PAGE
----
• Kate R.Brown says:

      I am truly heartbroken……I spend most of my time in bed watching TCM and Robert has and will continue to be missed. I truly love TCM but Robert made it even better. He was like an old family friend invited into my home…… RIP Mr Osborne.

  46. Paula says:

    This is a sad day. TCM will never be the same. Mr. Osborne will be missed.

  47. Cerph says:

    Mr. Osborne is and was the face of TCM. It will never be the same.

  48. margaret richardson says:

    Robert made such a welcome place for everyone at TCM– what a loving person, and a great guide- I am sad he has moved on.

  49. Marybeth Mank says:

    I am so sad to hear this… I loved watching & listening to him. He was on the level of of Alistair Cooke and David McCullough. His voice was comforting and his demeanor so dignified, gentlemanly and warm. I loved listening to his stories and tidbits about various films, and I almost always learned something new even about films I thought I knew inside and out. It will be somewhat bittersweet watching TCM now, even though Ben Mankiewicz is also on par with these three. Mr. Osborne will be greatly missed. I imagine that he will have a blast in heaven reuniting with the stars about which he knew so much.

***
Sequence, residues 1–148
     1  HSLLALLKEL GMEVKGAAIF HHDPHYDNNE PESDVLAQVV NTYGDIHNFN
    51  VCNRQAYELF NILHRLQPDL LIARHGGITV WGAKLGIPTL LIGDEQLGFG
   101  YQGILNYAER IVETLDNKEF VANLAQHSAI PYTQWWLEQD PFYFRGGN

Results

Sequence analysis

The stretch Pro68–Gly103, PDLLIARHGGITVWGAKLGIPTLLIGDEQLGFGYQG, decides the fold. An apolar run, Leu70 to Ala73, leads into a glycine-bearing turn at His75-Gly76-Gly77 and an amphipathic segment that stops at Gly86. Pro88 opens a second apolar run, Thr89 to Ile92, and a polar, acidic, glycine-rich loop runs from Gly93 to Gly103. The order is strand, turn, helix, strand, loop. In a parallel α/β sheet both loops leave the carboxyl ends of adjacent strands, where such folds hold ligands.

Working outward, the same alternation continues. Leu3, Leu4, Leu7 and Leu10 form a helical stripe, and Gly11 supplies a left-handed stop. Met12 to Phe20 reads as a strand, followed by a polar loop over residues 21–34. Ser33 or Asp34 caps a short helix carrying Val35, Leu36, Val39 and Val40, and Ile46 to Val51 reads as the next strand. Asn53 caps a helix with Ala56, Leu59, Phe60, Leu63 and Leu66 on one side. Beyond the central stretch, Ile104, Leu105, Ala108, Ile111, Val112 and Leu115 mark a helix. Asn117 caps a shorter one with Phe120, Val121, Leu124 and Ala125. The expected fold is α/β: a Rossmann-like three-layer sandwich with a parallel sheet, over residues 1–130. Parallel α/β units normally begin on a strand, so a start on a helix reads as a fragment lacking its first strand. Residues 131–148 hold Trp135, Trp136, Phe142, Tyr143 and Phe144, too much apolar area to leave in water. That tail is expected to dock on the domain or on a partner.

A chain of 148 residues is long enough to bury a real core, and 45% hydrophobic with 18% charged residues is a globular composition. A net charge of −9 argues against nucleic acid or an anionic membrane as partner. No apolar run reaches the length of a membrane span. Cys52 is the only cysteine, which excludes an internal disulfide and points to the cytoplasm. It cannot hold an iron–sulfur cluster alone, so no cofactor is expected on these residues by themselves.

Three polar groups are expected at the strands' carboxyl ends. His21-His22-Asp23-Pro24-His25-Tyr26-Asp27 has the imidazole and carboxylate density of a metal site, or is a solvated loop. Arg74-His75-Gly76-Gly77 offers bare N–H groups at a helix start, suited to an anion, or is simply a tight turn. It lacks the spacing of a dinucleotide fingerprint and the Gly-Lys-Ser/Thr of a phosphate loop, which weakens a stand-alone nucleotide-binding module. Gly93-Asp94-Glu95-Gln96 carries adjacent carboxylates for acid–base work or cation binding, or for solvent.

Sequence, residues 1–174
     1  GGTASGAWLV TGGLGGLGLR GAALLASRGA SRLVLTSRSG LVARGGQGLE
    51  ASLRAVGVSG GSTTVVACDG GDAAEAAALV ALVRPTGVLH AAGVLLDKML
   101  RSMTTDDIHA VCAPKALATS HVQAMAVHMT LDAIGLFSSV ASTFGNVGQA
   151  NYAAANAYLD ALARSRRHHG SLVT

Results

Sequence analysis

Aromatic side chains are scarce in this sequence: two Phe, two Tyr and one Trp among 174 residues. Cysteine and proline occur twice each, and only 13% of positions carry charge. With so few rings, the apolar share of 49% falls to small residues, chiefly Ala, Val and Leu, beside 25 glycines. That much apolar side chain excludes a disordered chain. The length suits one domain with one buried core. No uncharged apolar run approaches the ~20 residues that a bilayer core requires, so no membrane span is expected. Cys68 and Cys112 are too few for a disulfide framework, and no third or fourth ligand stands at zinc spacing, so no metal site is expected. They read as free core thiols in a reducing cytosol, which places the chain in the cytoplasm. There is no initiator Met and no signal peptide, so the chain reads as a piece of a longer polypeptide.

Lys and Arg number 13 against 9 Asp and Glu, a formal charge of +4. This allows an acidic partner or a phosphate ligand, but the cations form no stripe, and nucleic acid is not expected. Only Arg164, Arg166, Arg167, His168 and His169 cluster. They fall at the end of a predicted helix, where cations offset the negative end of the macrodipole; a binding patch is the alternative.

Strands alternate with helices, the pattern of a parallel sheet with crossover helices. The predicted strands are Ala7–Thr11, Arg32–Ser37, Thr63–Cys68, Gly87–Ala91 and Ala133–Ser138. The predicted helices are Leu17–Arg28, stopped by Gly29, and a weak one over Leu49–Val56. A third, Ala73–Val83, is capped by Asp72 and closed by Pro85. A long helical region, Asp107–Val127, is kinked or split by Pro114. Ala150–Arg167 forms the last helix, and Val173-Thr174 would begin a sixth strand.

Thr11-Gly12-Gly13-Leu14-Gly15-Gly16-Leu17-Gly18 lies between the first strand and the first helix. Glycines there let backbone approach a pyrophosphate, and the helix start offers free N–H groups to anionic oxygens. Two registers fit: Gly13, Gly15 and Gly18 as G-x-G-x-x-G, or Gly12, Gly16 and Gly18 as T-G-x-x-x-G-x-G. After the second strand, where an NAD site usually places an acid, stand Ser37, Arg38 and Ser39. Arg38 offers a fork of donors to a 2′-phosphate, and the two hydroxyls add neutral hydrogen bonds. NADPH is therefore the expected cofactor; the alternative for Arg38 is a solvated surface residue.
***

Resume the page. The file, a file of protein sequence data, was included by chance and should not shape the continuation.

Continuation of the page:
50. Timothy J. DiGiuseppe says:

    Thinking about Robert now and find it difficult to accept his passing. Always looked forward to his introductions and commentary. His conversations with co-hosts on the Essentials were a must see for me (right now I am thinking of a particular program where Alec Baldwin did a hilarious impression of Mae West that made Robert laugh). I had the luck and privilege to meet him at the TCM festival. He was a class act that will be missed very much by all of us.

More TV News from Variety